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Towards the Imperial University

David Graeber, an Assistant Professor of Anthropology at Yale in a recent interview with Joshua Frank for CounterPunch, made the interesting observation, “We’re moving from the neoliberal university to the imperial university. Or at least people are trying to move us there.”

Tokyo University, one of the world’s best academic institutions where I have spent some pleasant time, used to be called Tokyo Imperial University. That’s where Minobe Tatsukichi, a professor of law, wrote in some dry abstract work in 1911 that the Japanese emperor was an “organ” of the state. Like a brain or heart or liver, part of a living complex body. This wasn’t terribly controversial when Minobe first propounded it, but in 1934 as Japan was descending into fascism (what Japanese historians have called the kurai tani or the “dark valley” of the thirties) Baron Kikuchi Takeo assailed his theory in a speech to the House of Peers. This was when educators in Japan were forbidden under Peace Preservation ordinances to question the national polity, period. Minobe’s work, the baron (and general) thundered, implies that the Japanese emperor is no different from the Chinese emperor, or any western sovereign! Not the progeny of the Sun Goddess Amaterasu no Oomikami! Heresy!

Minobe’s work, according to Kikuchi, “emphasizes the influence of actual circumstances and vigorously expounds logic and the law of reason.” This, at a time when Japan’s imperial mission required the purging of logic and reason! As all-out war with China loomed, Minobe was forced from his post, rather like Professor Graeber, whose anti-imperialist politics apparently doomed his tenure bid.

I’ve taught at Yale. Five years ago. Just a one-semester gig when somebody left unexpectedly and they needed someone to do a course on Japanese history. It was a nice offer over the phone so I said okay. Why not? These things look good on your resume. I commuted down to New Haven by Amtrack on the one day I didn’t teach at Tufts. The kids were great, although I must say not much better than my Tufts students. One person never submitted the term paper. I got a call concerning this person’s looming expulsion and being a kind human being, tried not to say anything that would abet that process.

If I do say so myself, my Yale course, taught rather desultorily since it was just, after all, a one-time thing, went over very well. The student evaluations, less rigorous and categorical than Tufts’ ones, were embarrassingly good. Some students told me I was more available to them than their regular tenured, locally residing profs. I liked the students, and I liked Yale a lot, especially the library and its old-fashioned card catalogue. But when the post I filled in as a one-shot deal was advertised as a tenure-track position, I didn’t apply. I think I was too preoccupied with anti-imperialist political work at the time.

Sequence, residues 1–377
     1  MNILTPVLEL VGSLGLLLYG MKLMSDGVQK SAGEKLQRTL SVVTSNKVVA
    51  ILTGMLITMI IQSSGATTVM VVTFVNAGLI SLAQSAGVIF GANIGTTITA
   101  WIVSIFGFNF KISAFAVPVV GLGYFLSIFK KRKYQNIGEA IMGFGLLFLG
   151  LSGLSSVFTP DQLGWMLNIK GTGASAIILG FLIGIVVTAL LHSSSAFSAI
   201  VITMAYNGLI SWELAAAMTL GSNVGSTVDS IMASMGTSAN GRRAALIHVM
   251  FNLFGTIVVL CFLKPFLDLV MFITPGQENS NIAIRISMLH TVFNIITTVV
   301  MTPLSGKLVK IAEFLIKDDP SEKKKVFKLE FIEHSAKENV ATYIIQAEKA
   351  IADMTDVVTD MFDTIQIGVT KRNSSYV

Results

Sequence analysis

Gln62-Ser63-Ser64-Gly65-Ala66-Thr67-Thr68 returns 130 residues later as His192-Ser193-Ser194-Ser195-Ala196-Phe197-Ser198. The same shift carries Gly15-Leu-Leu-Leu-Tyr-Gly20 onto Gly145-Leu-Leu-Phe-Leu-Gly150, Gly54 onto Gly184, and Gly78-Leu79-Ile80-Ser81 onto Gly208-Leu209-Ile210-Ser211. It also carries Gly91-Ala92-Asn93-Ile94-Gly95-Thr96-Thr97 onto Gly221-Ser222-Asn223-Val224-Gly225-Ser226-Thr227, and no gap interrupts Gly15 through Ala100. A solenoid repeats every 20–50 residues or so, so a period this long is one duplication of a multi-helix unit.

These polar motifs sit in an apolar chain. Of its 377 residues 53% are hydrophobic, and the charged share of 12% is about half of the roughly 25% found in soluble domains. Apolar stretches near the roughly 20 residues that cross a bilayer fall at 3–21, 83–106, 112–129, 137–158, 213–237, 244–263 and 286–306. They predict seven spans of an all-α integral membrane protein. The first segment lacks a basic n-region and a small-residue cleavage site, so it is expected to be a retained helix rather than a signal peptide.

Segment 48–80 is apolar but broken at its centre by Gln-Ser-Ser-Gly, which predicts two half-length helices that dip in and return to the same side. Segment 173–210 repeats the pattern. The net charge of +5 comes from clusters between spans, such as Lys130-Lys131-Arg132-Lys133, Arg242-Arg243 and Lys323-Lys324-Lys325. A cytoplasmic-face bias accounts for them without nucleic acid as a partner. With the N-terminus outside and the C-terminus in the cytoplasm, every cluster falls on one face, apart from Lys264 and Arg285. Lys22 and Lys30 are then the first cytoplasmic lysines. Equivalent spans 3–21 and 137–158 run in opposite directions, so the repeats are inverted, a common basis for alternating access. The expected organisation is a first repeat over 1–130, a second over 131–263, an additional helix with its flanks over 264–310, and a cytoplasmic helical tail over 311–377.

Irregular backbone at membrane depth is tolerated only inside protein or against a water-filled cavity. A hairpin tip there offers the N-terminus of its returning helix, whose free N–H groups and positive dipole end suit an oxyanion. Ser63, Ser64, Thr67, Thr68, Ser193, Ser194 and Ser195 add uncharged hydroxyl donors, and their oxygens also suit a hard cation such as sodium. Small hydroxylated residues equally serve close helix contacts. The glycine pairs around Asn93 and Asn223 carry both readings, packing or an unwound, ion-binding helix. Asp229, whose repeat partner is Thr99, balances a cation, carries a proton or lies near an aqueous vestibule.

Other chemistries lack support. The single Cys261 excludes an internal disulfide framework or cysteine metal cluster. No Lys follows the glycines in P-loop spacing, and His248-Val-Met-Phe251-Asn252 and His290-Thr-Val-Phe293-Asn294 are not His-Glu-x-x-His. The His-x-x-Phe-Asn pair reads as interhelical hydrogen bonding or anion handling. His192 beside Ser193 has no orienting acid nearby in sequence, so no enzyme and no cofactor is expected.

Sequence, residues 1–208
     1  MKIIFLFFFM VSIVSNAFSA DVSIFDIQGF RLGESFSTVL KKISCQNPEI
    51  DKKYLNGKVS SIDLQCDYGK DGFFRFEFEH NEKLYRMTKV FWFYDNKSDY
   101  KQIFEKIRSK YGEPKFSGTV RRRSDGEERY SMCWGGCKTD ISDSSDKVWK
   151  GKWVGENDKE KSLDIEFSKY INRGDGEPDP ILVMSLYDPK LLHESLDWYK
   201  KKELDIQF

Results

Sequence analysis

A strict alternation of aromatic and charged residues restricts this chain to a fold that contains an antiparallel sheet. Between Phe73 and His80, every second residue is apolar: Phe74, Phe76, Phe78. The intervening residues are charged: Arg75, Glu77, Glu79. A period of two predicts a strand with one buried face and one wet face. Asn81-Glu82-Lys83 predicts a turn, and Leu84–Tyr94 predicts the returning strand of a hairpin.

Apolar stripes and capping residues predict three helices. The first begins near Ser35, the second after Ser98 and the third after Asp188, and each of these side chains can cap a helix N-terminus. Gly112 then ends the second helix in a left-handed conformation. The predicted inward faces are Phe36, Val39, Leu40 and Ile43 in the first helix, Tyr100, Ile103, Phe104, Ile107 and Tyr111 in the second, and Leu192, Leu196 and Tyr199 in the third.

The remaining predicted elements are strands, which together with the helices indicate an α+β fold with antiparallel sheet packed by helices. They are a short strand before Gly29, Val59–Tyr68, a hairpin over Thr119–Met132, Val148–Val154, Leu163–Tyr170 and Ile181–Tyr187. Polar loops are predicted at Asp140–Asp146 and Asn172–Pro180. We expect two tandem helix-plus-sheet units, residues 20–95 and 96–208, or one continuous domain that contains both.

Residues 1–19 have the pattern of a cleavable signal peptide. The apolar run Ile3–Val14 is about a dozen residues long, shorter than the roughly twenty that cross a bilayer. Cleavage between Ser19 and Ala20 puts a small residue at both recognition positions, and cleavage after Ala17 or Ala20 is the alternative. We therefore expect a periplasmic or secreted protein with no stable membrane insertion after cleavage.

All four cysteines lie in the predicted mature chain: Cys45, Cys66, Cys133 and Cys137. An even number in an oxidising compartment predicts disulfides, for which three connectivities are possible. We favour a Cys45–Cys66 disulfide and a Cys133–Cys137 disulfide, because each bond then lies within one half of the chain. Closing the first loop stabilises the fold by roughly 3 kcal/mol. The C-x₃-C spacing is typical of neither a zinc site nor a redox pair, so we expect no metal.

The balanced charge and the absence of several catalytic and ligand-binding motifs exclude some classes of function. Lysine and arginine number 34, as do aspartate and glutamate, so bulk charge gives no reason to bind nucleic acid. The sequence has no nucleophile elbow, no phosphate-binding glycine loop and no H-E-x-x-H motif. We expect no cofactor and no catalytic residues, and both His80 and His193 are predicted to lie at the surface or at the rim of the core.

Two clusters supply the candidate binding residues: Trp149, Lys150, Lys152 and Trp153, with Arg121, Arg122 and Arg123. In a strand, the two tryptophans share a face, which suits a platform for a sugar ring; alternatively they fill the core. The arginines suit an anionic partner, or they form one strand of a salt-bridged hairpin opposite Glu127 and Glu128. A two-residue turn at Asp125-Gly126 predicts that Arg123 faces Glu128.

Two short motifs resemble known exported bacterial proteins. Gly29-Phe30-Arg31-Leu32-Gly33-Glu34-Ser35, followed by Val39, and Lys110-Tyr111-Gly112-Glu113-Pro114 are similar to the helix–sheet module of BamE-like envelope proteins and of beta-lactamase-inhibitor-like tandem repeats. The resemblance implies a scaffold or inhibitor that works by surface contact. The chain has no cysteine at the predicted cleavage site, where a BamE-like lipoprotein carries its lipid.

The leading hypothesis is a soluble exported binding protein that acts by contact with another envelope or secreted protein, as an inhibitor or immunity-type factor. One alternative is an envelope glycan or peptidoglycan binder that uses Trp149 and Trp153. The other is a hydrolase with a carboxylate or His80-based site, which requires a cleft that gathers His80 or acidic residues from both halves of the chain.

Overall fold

George W. Bush, child of privilege, graduated from his dad’s alma mater Yale in 1968. While the flower of American youth was in the streets protesting an immoral imperialist war, Bush, his mind fried on coke & booze, squeaked by with a 2.35 GPA. His major was my own field, history. None of my dozen Yale students, with the exception of the expelled one, got less than a B. How does someone, particularly with such a name and background, graduate with such a piss-poor transcript from Yale? Don’t get me wrong; I’m not on his case for being a bad student. I like bad students, who always add something to the classroom, and provide a voice that must be heard. But stupidity in students whose dads pay good money to get them some credentials in this corrupt world, and stupidity in faculty committees and university administrations that deny anti-imperialist scholars the right to, like Minobe, “expound logic and the law of reason” are two different things. The latter being much more disturbing.

When I started writing CounterPunch pieces (January 2002), I was an associate professor. That means that having gone through a six-year apprenticeship (as an assistant professor like Graeber) I had been awarded tenure (sometimes mistaken for “lifetime employment”). I received occasional hate mail from ferocious anti-intellectuals including Baron Kikuchi-type fascists who didn’t seem to understand the academic promotion system. “If you’re so smart how come you’re not tenured?” “Better watch out, you’re real vulnerable.” To which of course I responded if at all with Cheney’s memorable expression.

Some seemed to think that as a university professor (even at a private university) I must be on the public dole, and if not publicly supportive of the president somehow violating the public trust. (Shouldn’t all educators always support wars, once they’ve started, and always teach young minds to love the state?) Spiting the evil ones, I actually achieved full promotion (“professor” as opposed to “associate professor” status), at an unusually young age at that. But of course such statuses have no meaning when the rules change—as everything does with the onset of fascism. While able to do so, I salute David Graeber, anthropologist, avowed anarchist, foe of the imperial university.

GARY LEUPP is Professor of History at Tufts University, and Adjunct Professor of Comparative Religion. He is the author of Servants, Shophands and Laborers in in the Cities of Tokugawa Japan; Male Colors: The Construction of Homosexuality in Tokugawa Japan; and Interracial Intimacy in Japan: Western Men and Japanese Women, 1543-1900. He is also a contributor to CounterPunch’s merciless chronicle of the wars on Iraq, Afghanistan and Yugoslavia, Imperial Crusades.

He can be reached at: gleupp@granite.tufts.edu

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